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restoring old shelter belts--SH??....

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Chuckie

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ok people, i'm a "long-time listener, first-time caller". i have an old shelterbelt, need some ideas as to what to take out, what to leave in.. i do want to maintain wildlife habitat (which is why i've simply let it go "natural" for the last 5 yrs), but it's getting too trashy- i think. if it helps, it's about 50 yds wide, 200 yds long, runs west to east. any help will be much appreciated! :roll:
 

Jason

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What kind of trees and how much is still alive?

Going in with a chain saw and cutting dead fall is always a good idea. Dead limbs can still be drawing on the trees resources.

The continued drought has been hard on trees, they might need extra water. If you have the ability to get them some water it certianly wouldn't hurt.

Some good compost and and or other fertilizer could be a benefit too.
 

frasercattleco

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Chuckie,

Most people will leave brush, and thick vegetation such as willows in there, but willows and other fast spreading hearty trees will starve the other native trees of nutrients and h2o. The first thing would be get rid of all of the weeds, grass, and small vegetation around the perimeter, spread some time release fertilizer, and plant small cottonwood trees in the spaces. Make sure to cut the vegetation in the summer when it is not dormant, you will have less re-growth that way, and plant the smaller trees out of their growing season to lessen stress on the fragile little plants.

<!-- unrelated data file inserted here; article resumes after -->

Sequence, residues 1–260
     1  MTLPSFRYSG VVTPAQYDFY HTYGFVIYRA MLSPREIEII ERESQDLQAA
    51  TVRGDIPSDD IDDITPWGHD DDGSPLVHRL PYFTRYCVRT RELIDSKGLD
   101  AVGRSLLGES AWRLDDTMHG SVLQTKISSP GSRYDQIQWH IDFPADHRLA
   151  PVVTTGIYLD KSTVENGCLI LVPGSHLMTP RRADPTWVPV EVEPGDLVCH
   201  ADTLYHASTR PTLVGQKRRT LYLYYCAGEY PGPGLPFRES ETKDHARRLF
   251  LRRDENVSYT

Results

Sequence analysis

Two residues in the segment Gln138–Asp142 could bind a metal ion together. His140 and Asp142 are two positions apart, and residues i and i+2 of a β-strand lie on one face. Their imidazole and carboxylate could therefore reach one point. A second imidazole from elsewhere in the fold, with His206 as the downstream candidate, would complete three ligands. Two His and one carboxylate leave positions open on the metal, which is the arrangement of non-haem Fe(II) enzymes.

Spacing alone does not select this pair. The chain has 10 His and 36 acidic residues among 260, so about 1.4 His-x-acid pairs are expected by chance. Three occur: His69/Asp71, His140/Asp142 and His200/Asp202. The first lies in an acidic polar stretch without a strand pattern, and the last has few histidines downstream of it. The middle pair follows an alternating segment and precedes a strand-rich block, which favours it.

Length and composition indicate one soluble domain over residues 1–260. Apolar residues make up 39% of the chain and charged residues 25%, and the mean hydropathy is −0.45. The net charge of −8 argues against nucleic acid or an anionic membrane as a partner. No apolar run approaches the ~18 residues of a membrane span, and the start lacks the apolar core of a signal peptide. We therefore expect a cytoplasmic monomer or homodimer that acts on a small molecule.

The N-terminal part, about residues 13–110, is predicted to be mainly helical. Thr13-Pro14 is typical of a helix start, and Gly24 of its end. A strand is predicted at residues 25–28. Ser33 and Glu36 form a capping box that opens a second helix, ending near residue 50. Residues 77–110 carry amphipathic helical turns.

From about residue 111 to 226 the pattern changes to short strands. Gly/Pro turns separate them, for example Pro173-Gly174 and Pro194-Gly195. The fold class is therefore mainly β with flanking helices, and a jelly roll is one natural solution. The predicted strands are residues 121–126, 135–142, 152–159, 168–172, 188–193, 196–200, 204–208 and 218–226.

Chuckie

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here's the quandry: this is an older shelter belt (trees 50' high), i want to maintain some wildlife habitat, encourage mushroom growth with downed trees, yet keep and encourage new (good) growth. should i just call my extension agent? or save parts and renew parts? you guys have the answers, you've done it......i have faith...
 
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Chuckie- get a few (don't know how big an area you have) sheep or goats-- they'll clean out a shelterbelt for you and keep the trash and weeds from growing back-fertilize it at the same time........
 

Chuckie

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oldtimer, been thinking about getting some goats anyway, but should i chainsaw/burn dead stuff? and will the goats eat the small but good stuff ? (bet they will...!) and should i even worry about it at this stage? remember, we're talking 50 yards wide by 200 long. i hate decisions sometimes :!:
 

Denny

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chuckie said:
oldtimer, been thinking about getting some goats anyway, but should i chainsaw/burn dead stuff? and will the goats eat the small but good stuff ? (bet they will...!) and should i even worry about it at this stage? remember, we're talking 50 yards wide by 200 long. i hate decisions sometimes :!: